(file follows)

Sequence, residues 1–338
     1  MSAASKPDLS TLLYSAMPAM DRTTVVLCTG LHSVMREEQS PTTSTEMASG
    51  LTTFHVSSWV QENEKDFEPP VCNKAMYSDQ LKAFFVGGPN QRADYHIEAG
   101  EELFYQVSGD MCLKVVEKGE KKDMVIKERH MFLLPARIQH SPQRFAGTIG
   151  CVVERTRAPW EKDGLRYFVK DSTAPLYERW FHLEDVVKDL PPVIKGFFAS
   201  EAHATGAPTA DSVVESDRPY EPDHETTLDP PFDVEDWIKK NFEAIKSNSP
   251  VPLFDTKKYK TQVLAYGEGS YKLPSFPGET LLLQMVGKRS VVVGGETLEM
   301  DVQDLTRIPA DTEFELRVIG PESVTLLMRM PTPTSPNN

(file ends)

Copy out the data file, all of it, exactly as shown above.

Sequence, residues 1–338
     1  MSAASKPDLS TLLYSAMPAM DRTTVVLCTG LHSVMREEQS PTTSTEMASG
    51  LTTFHVSSWV QENEKDFEPP VCNKAMYSDQ LKAFFVGGPN QRADYHIEAG
   101  EELFYQVSGD MCLKVVEKGE KKDMVIKERH MFLLPARIQH SPQRFAGTIG
   151  CVVERTRAPW EKDGLRYFVK DSTAPLYERW FHLEDVVKDL PPVIKGFFAS
   201  EAHATGAPTA DSVVESDRPY EPDHETTLDP PFDVEDWIKK NFEAIKSNSP
   251  VPLFDTKKYK TQVLAYGEGS YKLPSFPGET LLLQMVGKRS VVVGGETLEM
   301  DVQDLTRIPA DTEFELRVIG PESVTLLMRM PTPTSPNN